Studies have suggested supplementing with turmeric can improve skin conditions such as acne, dermatitis, sun damage and psoriasis. Turmeric’s antioxidant and anti-inflammatory properties are thought to be the mechanism behind the positive effects, which in turn help to reduce redness and inflammation [2][3].

Improved arthritis and osteoarthritis

Studies comparing anti-inflammatory drugs and turmeric demonstrate similar efficacy. It is thought that turmeric’s anti-inflammatory properties work in much the same way as the non-steroidal anti-inflammatory drugs, but without the side effects [4][5].

What Are The Benefits of Curcumin?

Cancer

The body of evidence in support of curcumin’s anti-cancer properties is well-founded, showing that curcumin can influence numerous pathways that inhibit the growth of cancer. Furthermore, curcumin has been shown to influence the expression of genes which promote the destruction of cancer cells whilst promoting the growth of healthy cells.

Curcumin has also been shown to hinder the growth of additional blood vessels in cancer, which the cancer cells need for growth. Finally, curcumin can lower inflammation, stopping the conversion of normal cells to tumour cells [6].

Improved recovery from sport and physical exercise

During sport and physical exercise, the body is subjected to considerable stress from which it needs time to rest and recover. Researchers decided to evaluate how and to what extent curcumin can help in this recovery process. Athletes who supplemented with curcumin showed less inflammation and oxidative stress.

They additionally experienced less pain and muscle damage, better recovery and improved cardiovascular and gastrointestinal function [7].

Fewer symptoms of Irritable Bowel Syndrome

Due to the refined diets of Western culture, irritable bowel syndrome (IBS) has increased in prevalence in recent years. IBS is notoriously hard to manage and causes considerable discomfort, which has led researchers to explore the ability of botanicals to treat the disease and manage its symptoms. Curcumin has shown promise in this area, with its anti-inflammatory and antioxidant effects providing protective effects on the mucosa or gut wall, which in turn can help to alleviate the symptoms of IBS with few reported side effects [8].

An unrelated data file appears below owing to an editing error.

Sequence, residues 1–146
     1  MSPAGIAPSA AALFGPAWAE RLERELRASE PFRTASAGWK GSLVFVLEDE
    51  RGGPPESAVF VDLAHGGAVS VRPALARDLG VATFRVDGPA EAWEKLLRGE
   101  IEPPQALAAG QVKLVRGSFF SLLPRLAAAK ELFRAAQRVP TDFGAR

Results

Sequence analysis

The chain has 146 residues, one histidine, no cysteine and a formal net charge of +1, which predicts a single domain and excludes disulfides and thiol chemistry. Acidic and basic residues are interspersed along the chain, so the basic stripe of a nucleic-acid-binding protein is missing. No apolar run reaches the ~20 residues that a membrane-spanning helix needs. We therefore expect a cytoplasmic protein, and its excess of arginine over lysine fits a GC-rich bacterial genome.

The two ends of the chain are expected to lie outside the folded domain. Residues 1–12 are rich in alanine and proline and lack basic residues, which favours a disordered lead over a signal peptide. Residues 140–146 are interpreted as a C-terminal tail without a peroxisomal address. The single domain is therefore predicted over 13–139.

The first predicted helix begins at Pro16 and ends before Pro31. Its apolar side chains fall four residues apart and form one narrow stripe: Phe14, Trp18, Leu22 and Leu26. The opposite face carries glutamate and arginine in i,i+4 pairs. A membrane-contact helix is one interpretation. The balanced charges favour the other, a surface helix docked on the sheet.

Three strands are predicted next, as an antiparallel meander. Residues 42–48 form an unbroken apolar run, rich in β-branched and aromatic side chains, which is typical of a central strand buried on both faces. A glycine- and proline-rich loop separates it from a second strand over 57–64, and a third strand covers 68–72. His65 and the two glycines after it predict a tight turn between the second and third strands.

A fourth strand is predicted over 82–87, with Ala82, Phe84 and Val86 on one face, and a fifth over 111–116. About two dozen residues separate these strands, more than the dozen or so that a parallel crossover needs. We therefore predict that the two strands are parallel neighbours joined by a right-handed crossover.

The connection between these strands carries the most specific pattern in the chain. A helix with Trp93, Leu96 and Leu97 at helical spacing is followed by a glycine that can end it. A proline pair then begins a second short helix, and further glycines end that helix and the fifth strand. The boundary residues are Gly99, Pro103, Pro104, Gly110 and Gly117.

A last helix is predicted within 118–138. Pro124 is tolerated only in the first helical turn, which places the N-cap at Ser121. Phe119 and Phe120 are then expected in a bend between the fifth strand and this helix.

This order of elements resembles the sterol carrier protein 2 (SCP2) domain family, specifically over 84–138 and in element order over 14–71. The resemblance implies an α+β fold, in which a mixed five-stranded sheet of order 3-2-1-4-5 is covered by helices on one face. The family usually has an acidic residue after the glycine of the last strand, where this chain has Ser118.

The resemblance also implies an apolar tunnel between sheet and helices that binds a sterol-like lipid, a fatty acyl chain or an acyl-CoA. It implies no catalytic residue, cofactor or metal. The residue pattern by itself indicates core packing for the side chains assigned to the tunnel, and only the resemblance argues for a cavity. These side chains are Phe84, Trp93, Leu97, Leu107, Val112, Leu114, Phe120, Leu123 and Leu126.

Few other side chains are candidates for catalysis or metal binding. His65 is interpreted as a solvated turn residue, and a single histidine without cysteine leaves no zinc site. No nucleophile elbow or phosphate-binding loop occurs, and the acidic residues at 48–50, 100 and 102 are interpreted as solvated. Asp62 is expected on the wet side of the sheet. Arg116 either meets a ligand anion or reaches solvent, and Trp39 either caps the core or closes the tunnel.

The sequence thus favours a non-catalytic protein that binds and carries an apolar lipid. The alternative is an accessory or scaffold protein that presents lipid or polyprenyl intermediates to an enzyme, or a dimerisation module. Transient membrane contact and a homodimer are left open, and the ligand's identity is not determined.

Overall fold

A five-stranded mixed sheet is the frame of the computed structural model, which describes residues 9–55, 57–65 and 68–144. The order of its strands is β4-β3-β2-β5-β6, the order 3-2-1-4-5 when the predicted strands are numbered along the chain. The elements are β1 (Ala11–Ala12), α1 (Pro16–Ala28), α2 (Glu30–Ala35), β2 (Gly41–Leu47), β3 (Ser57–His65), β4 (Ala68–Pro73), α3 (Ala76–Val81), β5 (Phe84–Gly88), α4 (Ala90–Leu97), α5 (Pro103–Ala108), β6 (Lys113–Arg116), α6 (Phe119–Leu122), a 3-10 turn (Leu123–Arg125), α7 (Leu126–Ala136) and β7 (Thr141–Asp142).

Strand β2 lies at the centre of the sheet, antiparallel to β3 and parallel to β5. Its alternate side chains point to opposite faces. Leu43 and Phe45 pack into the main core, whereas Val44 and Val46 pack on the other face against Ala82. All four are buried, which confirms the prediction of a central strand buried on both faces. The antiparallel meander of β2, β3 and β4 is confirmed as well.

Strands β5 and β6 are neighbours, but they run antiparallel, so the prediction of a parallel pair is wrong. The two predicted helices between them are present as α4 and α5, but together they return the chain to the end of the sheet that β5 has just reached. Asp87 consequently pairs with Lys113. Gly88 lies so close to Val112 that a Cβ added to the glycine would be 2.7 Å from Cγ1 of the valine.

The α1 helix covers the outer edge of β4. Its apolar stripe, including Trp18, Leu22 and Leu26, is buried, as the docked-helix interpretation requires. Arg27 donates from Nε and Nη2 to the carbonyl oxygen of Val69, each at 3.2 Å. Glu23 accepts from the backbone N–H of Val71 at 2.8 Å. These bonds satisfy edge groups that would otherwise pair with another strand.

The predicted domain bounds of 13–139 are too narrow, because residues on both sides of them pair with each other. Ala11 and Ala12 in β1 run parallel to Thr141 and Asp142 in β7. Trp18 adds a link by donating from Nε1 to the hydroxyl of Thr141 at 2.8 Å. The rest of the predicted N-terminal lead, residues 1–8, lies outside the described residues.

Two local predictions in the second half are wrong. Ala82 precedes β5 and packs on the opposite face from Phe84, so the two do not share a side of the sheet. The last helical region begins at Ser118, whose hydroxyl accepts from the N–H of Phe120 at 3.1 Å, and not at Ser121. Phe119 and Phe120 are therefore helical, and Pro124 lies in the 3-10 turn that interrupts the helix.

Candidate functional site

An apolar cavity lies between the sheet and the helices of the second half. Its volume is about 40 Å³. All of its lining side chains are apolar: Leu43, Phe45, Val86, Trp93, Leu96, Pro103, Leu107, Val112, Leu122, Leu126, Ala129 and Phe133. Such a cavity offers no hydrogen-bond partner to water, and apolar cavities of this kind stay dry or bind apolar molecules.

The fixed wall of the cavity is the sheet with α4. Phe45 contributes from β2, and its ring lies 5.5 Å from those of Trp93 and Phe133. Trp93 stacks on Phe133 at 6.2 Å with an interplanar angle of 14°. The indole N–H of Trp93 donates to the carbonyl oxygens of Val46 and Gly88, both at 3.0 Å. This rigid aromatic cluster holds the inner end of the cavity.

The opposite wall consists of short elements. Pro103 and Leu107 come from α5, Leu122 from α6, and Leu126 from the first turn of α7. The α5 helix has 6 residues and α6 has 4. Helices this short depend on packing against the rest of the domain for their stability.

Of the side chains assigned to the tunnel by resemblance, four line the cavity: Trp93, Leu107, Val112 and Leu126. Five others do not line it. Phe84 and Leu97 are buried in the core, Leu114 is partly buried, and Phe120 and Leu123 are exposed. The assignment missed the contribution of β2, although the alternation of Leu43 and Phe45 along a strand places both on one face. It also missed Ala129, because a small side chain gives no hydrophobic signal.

Anxiety, Stress and Depression

When the body is subjected to duress the natural reaction is to create anxiety and stress as part of the fight or flight response. During this process, a hormone, ACTH, activates the production of the steroid hormone cortisol. Research has shown that curcumin acts as a limiter on the release of cortisol. At the same time continued or chronic stress has been shown to result in inflammation, which can also be reduced by curcumin or the combined effect of curcumin [9].

The link between depression and inflammation has made curcumin a worthwhile botanical to study.

Increasingly studies have shown the anti-inflammatory properties of curcumin have a similar effect to antidepressant drugs, although this research is still in its early stages [10].

Summary

Curcumin is an isolated polyphenol found within turmeric. Whilst both turmeric and curcumin are effective nutritional supplements, research shows that curcumin is the powerhouse behind turmeric’s effects on wellness.

To date there are over 14,000 studies on curcumin, with many of them suggesting curcumin is beneficial towards health. Therefore, when shopping for an effective turmeric/curcumin supplement, we highly recommend going for curcumin rather than whole turmeric.

Neem and Turmeric Capsules

 

  • 1 month supply of Neem & Turmeric per 60 capsules
  • 500mg of Neem and 500mg of Turmeric (in the form of curcumin) per serving.
  • Added Black Pepper Extract to Improve Absorption
  • Extracted from Organically Grown Plants
  • 100% Natural With No Artificial Ingredients